By Shira Hanau
Chaim Walder, an Israeli haredi Orthodox children’s book author who was accused last month of sexual abuse by several teenage girls, was found dead Monday in an apparent suicide.
His body was found in a cemetery in Petah Tikva, in central Israel, after a passerby heard a gunshot and called police, according to Israeli news reports.
Walder’s death came a day after the Israeli newspaper Haaretz reported that a rabbinical court in Safed had heard testimony from 22 young women about alleged abuse at Walder’s hands. The abuse dated as far back as 25 years ago and as recently as six months ago, reported Haaretz, which shook up the Orthodox world last month when it first revealed a smaller set of allegations against Walder.
Walder, who was 53, had a wildly successful career as a columnist, radio host, teacher, public speaker and most notably, author of the successful children’s book series “Kids Speak.” In addition to his writing, Walder also worked as a therapist and was honored in 2003 with the Israeli prime minister’s “protector of the child” award. Several women accused him of initiating sexual relationships with them when they approached him for counseling, according to Haaretz.
The accounts of alleged abuse led to an unusually strong reaction within the haredi Orthodox community, which has tended to sweep accusations of bad behavior under the rug rather than publicly oust abusers. After a New York Jewish bookstore, Eichler’s, announced it would no longer sell Walder’s books, which had been required reading in many Orthodox homes, a flood of consequences followed.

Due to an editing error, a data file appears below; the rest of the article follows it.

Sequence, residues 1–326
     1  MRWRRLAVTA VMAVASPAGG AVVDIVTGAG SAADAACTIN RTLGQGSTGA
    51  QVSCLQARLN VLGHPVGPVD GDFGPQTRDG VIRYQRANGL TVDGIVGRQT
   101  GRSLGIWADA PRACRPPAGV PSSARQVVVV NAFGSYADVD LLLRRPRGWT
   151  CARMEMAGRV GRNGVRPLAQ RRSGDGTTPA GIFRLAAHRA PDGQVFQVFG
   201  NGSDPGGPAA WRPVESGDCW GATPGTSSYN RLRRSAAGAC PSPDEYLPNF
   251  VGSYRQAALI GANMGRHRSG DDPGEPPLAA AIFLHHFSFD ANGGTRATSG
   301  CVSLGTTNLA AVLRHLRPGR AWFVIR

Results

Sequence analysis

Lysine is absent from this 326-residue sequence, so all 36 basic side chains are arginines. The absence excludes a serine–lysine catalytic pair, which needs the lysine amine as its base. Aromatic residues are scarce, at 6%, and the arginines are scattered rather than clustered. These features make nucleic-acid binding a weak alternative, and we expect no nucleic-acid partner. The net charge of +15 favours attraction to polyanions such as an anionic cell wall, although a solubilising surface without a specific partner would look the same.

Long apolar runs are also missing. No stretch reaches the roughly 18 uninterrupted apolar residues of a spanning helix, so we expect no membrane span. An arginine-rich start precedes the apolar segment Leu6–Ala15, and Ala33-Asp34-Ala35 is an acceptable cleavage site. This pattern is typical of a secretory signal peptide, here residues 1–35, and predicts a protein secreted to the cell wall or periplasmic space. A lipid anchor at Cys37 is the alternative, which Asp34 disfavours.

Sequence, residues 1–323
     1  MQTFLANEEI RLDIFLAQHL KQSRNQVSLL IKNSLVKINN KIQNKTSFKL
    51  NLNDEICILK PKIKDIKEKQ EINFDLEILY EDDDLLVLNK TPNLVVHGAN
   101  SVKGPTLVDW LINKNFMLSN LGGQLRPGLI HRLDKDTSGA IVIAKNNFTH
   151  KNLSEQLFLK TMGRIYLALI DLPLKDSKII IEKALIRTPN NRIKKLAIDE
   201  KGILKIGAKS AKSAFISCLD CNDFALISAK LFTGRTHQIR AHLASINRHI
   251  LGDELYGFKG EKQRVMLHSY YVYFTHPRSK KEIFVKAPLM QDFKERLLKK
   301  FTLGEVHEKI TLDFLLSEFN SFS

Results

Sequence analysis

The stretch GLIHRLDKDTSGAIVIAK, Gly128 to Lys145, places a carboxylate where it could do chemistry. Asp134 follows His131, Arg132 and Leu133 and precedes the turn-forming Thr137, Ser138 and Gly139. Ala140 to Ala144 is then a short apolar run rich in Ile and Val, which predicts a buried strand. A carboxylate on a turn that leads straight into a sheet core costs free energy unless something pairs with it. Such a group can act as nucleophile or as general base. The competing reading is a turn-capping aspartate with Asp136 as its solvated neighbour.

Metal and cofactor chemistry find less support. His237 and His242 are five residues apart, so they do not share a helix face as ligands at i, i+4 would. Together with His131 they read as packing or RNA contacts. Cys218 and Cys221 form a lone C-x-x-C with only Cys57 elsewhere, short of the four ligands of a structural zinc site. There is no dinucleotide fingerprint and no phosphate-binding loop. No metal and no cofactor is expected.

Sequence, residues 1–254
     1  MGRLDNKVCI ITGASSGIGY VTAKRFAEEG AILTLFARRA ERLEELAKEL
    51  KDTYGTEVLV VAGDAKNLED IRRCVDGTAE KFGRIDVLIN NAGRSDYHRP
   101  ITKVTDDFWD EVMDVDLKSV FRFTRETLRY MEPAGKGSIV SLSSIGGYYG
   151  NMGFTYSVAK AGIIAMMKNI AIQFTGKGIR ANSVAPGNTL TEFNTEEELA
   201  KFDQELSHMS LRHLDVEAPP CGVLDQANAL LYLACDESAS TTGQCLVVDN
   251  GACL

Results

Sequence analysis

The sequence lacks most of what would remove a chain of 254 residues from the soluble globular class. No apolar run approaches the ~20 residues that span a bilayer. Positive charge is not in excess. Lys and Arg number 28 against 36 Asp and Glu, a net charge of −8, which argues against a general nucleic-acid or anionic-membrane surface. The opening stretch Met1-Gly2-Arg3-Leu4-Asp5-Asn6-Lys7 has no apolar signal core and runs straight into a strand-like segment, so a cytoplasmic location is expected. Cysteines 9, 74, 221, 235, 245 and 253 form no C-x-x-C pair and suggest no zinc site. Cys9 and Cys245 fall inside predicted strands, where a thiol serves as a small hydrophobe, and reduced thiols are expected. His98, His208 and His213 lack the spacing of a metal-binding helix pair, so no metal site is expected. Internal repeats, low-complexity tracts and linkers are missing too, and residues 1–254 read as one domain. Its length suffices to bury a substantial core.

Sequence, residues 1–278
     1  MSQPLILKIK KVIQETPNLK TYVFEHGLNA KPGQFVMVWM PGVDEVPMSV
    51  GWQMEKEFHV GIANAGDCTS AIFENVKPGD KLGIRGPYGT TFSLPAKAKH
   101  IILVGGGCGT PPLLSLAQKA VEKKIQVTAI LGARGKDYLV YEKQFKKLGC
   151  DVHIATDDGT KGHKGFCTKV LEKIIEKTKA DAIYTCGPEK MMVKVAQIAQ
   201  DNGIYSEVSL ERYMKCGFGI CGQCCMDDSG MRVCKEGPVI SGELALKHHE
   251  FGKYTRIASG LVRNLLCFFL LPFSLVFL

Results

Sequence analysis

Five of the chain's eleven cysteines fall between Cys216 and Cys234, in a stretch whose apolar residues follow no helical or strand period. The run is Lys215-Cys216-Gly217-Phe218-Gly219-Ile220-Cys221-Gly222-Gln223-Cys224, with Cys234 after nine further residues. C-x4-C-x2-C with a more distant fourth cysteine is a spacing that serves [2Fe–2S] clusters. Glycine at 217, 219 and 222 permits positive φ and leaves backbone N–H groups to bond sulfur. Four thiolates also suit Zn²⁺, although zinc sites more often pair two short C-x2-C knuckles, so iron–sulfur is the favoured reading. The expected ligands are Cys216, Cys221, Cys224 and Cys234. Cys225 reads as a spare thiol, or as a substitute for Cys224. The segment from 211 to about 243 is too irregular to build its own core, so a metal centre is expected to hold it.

Walder’s longtime publisher, Feldheim Publishers of Nanuet, New York, tweeted that it would remove Walder’s books from shelves while the allegations against him were being investigated. Yated Neeman and Radio Kol Hai, two Israeli news organizations, suspended Walder from his positions at the companies in the wake of the allegations, according to Israeli news site Arutz Sheva. Several prominent rabbinic leaders urged parents to remove his books from their homes.
And the rabbinical court was holding hearings, which Walder had reportedly declined to participate in.
“It is too bad he chose this path, we had offered him the option to fix what he had broken. To apologize to his victims. To change his ways. To ensure that no more women would be harmed,” the head of that court, Sefad Chief Rabbi Shmuel Eliyahu, said in a statement Monday reported in Israeli media. “We send strength to the many victims in these difficult times, their lives precede his life.”
Even as some parts of the haredi Orthodox world moved to excise Walder and his books from their lives, some ignored the allegations against him. In reporting Walder’s death Monday, B’chadrei Haredim, an Israeli Orthodox news site, made no mention of the allegations against Walder. The article concluded with the words, “May his memory be a blessing.”
Advocates for victims of sexual abuse in the Orthodox world said they were heartened by the unusual reaction and hoped it would become the norm with future allegations. On Monday, they took on the role of counseling victims and others who were learning of Walder’s death.
“There’s no easy or right way to process news like this,” the group Zaakah wrote on Facebook. “While some may consider his death a relief, many others, including his numerous victims, see it as a denial of justice.”